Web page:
Cambodia: First impressions of Phenom Penh
Phenom Penh is a city I was told I would dislike; co-workers and acquaintances here in Hanoi told me that once I had seen the killing fields, there would be nothing else to see so I might as well head south to party hotspot Sihanoukville or tourist hotspot Siem Riep.
Phenom Penh was wonderful. Its pace is slower than that of Hanoi; drivers actually waved me across the street rather than dodging me by mere inches. People smiled gorgeous big smiles, were friendly and gentle, a stark contrast to Hanoi’s aggressive, often cold, capitol city mentality.
The city is by no means paradise, however. After the Khmer Rouge, secret bombings by the USA and thirty years of war that left the country so riddled with mines that Cambodians are still being harmed, how could the country not face the immense problems associated with reconciling and rebuilding? I plan to post many pictures–I took close to 700–but I would like to start with some that are more positive, rather than just focus on genocide and the Khmer Rouge. Additionally, I’ve read quite a lot about Cambodia so I will post a list of books, films and online resources so you can learn more if you’re interested.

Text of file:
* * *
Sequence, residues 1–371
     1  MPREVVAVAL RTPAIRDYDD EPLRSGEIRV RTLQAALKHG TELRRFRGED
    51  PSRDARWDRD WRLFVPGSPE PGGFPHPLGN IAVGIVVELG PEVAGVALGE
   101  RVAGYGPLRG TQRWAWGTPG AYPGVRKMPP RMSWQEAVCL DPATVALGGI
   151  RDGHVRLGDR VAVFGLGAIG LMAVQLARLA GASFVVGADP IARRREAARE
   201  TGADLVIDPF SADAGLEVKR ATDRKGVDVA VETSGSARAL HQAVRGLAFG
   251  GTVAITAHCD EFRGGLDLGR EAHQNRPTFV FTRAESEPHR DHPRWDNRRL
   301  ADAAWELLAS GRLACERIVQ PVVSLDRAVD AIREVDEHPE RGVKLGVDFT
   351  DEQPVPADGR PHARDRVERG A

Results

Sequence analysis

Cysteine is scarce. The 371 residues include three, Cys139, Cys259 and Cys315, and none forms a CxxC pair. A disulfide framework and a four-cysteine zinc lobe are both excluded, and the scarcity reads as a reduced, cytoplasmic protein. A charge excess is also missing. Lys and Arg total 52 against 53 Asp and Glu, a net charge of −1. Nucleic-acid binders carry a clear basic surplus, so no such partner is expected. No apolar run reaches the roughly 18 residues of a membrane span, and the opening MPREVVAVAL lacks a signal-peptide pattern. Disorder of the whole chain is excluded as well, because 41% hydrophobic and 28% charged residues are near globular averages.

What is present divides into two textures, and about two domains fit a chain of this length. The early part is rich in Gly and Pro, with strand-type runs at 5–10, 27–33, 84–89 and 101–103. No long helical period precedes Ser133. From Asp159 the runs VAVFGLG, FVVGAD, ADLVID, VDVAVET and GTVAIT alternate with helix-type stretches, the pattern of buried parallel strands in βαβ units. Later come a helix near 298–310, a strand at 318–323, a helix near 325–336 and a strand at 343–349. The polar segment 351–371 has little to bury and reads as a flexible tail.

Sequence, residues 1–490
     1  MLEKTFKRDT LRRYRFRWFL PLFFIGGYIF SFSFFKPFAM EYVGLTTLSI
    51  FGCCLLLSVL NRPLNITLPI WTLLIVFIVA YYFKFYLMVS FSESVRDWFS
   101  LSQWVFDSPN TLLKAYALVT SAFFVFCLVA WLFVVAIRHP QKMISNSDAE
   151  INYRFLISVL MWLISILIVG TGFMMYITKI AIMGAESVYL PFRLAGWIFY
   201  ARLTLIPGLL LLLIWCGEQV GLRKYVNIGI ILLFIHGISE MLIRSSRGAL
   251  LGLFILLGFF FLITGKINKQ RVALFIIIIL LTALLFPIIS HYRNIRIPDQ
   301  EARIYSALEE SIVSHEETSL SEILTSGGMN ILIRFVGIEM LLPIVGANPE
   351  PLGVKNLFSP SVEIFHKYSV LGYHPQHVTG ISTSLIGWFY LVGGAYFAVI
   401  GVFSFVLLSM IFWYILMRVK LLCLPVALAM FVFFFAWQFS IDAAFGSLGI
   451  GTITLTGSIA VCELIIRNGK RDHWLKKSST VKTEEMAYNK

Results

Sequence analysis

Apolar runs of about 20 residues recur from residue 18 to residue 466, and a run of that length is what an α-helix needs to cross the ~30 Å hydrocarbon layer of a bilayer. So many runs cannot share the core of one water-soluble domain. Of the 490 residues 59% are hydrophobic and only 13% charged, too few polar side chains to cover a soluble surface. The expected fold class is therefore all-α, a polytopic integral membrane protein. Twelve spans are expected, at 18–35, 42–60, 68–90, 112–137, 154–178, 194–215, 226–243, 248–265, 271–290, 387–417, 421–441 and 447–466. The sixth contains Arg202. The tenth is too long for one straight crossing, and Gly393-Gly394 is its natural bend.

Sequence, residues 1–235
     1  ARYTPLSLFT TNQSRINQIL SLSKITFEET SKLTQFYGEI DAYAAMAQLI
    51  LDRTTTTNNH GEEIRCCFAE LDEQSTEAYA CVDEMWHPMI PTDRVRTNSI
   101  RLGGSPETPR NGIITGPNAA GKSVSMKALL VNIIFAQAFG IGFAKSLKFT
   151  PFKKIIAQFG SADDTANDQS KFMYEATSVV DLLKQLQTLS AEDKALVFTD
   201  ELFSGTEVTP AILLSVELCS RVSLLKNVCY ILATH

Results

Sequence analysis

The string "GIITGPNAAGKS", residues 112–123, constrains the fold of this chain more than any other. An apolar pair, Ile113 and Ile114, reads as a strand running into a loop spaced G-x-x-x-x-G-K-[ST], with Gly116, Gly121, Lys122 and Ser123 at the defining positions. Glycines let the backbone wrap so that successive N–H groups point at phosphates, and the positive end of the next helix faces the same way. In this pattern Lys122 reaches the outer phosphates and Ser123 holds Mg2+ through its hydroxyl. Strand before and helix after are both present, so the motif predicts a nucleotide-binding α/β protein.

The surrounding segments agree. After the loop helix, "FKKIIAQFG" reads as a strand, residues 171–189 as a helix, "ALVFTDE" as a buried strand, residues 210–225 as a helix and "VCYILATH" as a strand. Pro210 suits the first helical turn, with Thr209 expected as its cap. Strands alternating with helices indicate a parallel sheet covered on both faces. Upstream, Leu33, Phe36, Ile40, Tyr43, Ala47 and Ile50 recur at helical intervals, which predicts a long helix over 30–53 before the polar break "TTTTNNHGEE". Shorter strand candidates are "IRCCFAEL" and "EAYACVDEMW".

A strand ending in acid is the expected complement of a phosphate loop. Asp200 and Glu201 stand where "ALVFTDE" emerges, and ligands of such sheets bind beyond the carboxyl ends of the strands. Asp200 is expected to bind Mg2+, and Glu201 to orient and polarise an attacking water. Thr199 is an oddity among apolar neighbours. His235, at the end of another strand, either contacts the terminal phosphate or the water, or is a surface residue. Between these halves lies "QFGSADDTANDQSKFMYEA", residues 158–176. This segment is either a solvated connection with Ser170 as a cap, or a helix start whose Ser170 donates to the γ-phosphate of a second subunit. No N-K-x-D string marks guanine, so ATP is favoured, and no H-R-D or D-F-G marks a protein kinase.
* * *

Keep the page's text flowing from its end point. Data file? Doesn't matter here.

We were never allowed to play like this as kids. One of the things I love most about living in Asia is that while people really do value their kids, risk is more tolerated. Kids play in the street or, like these children, on a bridge to nowhere over a river. When you don’t have monkey bars and balance beams, you make your own.
Cambodia has a large Chinese population so Chinese New Year is celebrated by many, much the way it is celebrated in Vietnam. I was fortunate to stumble upon a dragon/lion dance while I was wandering around the city.
Life is art and Cambodia was filled with it, from graffiti to palaces to dance and the ancient temples of Angkor.
This boat (I think it was a houseboat) was tethered to the bank of the river as this little girl pretended to row upstream toward the Mekong.
Homes and shops in Cambodia frequently have spirit houses in front of them. Offerings are made and incense sticks are lit each morning to keep the spirits happy and bring good luck. Sometimes, even the ancestors need a doughnut.